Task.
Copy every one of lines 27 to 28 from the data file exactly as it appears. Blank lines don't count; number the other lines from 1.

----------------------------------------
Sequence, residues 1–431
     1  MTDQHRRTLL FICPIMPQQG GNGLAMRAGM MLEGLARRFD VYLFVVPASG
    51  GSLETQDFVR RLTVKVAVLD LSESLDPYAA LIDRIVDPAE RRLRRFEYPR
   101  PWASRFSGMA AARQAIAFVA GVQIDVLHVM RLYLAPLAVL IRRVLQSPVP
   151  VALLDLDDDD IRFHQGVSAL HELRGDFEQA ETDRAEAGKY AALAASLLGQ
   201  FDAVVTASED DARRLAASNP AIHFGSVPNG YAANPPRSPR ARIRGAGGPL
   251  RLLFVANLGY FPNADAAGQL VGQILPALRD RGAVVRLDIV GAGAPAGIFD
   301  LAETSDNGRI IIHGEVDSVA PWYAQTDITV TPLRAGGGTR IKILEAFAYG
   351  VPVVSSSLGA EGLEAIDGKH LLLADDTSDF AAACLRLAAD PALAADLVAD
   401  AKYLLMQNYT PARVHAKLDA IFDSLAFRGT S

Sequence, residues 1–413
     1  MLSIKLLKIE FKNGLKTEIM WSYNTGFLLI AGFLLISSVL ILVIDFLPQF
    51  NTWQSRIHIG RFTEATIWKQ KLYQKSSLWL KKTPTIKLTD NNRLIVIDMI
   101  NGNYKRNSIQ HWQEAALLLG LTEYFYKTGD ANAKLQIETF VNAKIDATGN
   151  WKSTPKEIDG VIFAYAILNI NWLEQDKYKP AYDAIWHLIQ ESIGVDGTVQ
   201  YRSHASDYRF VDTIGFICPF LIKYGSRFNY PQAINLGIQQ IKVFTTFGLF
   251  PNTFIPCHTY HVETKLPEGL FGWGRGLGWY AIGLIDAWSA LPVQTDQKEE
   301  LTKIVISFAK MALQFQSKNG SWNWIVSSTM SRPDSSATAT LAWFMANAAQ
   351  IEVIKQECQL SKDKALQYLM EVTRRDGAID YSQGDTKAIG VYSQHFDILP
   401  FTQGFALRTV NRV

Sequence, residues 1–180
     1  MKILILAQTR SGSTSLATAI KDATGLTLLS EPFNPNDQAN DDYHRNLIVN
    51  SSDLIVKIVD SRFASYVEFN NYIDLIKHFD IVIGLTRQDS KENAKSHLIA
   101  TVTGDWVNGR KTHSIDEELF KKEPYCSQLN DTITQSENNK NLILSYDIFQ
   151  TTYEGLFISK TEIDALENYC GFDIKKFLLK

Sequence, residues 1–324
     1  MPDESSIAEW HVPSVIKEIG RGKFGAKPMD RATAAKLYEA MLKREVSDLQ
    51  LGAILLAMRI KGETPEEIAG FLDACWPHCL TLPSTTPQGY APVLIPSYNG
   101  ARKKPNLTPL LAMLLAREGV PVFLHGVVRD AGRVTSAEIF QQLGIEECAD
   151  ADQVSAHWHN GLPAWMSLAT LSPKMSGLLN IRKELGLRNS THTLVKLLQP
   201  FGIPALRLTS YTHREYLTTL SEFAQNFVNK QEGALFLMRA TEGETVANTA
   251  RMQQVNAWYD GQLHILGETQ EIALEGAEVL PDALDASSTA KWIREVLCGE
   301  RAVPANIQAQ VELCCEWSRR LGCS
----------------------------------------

     1  MPDESSIAEW HVPSVIKEIG RGKFGAKPMD RATAAKLYEA MLKREVSDLQ
    51  LGAILLAMRI KGETPEEIAG FLDACWPHCL TLPSTTPQGY APVLIPSYNG